OP – Why did you start teaching? Was it for stability and benefits?
Sharp – Yes and no. As I said, I did what I seemed good at, and then it just snowballed. And because of Young Concert Artists, I started teaching right away. Within three years of getting out of grad school, they were sending me to colleges and universities as a young concert artist, and I was teaching people in public, giving master classes. I mean, I was completely clueless, but you learn really fast. You find out that you have a lot to say, and you start to learn how to say it. So I became a teacher not because it seemed like a good idea, but because I became a teacher. I just did. And I get a great deal of gratification from teaching. It’s a very different kind of satisfaction from the performing side.
OP – How do they compare?
Sharp – The teaching and the singing use completely different parts of the brain, and they really complement each other. Performing is a totally solitary activity. It’s navel gazing. You’re focused on yourself. As a teacher, the complete opposite is true: you’re totally focused on other people. And that’s a nice complementary thing going on there. I often wonder what it would or will be like to be a teacher who does not perform…I have trouble imagining what it’s going to be like.
OP – Did you ever have concerns about teaching?
Sharp – Teaching’s a big responsibility. I think about that all the time. I’ve always said that you learn more from teaching than you do from any teacher, and it’s partially because every time you say something, there’s always a little voice in the back of your head saying “Are you sure that’s true? Do you believe that? Do you do that? Is that the way you do it?” And that’s really great, because that process is going on all the time. You’re constantly asking yourself what you believe and what you think about what you do because you’re always telling someone else what to do. That’s another reason why the teaching complements the performance so well.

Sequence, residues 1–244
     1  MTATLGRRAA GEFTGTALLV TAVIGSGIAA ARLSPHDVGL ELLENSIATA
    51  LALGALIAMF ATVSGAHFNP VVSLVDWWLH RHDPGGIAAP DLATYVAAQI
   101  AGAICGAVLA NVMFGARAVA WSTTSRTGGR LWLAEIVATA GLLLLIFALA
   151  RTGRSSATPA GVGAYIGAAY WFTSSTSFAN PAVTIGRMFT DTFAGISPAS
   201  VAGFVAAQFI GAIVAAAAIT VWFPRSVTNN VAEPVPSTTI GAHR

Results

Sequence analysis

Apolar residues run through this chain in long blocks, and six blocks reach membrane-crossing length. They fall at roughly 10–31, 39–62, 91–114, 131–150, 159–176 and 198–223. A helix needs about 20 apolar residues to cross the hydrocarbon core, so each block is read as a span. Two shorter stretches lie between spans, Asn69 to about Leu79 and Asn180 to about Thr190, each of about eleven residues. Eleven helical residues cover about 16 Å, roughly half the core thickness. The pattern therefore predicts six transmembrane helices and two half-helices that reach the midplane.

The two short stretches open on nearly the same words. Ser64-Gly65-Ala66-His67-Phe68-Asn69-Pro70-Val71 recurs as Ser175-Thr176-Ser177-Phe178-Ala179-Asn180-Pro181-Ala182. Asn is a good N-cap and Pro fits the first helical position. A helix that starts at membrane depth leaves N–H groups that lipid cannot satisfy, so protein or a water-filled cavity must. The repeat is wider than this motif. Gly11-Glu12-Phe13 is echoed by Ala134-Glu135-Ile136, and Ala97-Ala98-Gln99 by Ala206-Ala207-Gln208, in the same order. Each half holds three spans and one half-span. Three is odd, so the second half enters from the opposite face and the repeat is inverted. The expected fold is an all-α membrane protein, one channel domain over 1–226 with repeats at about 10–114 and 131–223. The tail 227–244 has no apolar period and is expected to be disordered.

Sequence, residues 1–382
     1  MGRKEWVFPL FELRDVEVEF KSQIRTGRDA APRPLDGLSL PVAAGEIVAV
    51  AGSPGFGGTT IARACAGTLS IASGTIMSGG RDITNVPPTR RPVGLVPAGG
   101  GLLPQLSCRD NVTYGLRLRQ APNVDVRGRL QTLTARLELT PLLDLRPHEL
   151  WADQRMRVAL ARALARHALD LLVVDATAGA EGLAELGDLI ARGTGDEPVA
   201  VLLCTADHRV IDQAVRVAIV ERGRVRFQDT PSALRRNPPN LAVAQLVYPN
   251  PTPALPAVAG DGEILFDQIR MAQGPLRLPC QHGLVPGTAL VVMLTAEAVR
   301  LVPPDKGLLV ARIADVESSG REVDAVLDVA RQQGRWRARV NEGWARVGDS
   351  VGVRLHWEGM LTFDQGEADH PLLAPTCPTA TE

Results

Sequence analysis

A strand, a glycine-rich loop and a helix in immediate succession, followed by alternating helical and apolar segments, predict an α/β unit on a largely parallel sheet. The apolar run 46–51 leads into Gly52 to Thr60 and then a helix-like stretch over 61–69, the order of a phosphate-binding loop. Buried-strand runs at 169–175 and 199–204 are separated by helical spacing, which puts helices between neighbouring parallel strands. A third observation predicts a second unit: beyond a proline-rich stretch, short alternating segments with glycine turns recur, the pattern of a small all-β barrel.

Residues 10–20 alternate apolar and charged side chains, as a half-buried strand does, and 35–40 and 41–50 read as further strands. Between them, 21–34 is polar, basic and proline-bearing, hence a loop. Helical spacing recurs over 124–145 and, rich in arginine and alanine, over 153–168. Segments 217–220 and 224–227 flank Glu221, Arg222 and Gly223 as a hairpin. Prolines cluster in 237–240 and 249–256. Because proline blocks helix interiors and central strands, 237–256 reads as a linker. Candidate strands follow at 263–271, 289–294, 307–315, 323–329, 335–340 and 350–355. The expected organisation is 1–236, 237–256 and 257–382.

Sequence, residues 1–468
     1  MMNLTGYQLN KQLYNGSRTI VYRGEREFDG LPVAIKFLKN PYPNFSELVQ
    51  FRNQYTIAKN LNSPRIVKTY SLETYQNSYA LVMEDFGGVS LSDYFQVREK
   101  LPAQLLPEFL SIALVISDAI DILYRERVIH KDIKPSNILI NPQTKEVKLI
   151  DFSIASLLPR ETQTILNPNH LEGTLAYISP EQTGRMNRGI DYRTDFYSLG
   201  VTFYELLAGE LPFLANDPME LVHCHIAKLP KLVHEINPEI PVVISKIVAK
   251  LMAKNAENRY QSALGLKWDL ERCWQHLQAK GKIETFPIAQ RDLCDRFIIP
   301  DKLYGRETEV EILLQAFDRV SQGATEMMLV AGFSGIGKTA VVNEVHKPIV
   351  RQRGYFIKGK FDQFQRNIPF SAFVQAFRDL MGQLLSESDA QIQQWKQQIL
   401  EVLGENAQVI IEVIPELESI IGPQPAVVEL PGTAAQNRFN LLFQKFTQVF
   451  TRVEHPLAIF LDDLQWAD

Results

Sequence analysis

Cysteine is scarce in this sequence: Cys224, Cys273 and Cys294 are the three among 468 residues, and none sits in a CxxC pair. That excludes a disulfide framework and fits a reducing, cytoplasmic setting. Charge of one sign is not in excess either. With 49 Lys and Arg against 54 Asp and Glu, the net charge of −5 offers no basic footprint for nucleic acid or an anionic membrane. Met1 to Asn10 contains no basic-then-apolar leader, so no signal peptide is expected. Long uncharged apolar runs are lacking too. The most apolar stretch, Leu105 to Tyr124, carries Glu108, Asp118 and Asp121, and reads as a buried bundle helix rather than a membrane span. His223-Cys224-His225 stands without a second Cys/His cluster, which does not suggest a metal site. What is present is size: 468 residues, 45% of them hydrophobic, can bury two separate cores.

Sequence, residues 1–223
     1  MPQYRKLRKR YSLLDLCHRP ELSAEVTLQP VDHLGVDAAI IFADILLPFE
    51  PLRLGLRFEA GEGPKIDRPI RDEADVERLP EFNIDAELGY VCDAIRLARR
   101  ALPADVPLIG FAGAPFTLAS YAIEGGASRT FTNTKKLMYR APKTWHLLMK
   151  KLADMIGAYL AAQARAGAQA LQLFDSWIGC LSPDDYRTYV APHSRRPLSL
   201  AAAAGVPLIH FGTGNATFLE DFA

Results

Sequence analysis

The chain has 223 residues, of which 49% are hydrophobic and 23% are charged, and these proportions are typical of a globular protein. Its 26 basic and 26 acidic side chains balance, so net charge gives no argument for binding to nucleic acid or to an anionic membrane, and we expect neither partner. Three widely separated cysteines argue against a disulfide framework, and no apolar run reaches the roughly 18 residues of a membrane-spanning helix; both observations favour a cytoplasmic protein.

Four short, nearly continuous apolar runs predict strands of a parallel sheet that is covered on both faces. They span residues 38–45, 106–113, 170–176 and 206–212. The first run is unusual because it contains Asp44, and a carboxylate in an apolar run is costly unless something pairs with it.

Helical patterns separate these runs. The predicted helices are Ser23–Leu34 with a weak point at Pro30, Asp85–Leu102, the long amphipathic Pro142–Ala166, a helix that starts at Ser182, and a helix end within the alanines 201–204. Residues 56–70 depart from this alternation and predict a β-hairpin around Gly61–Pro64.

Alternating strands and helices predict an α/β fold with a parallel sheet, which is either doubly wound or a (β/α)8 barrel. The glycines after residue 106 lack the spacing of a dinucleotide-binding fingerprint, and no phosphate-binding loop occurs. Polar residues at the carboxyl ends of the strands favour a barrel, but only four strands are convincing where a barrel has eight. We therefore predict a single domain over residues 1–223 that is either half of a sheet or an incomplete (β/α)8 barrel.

OP – Do you have any anxiety about the current state of the music world?
Sharp – Yes, I do. But I also feel that the anxiety most artists have is because we don’t know what’s happening. I have a suspicion that, at least in some areas of the arts, it’s always been that way. Time goes on and things change. When we moved from a Haydn under the patronage of Esterházy to a Beethoven who was just giving concerts all the time, artists must have been really nervous about what was going to happen. Socially, the world changed. And yeah, now we’re nervous and we talk about it all the time…we talk about how it’s a different world. God, everything is different. The way music is distributed and paid for and published and paid for, and how almost everything is out where you can have it for free. And you’re just thinking, “What does it all mean?” But somehow in our hearts, we believe there’s something about it that’s not wrong. We don’t know where it’s going, but great art of all kinds is going to happen. It will survive. Even the great art of the past—the Schubert songs, the Bach cantatas—those aren’t going to just disappear. It’s like Shakespeare. It won’t go away because it’s just too good.
Photo by Carol Pratt, for the Wolf Trap Foundation for the Performing Arts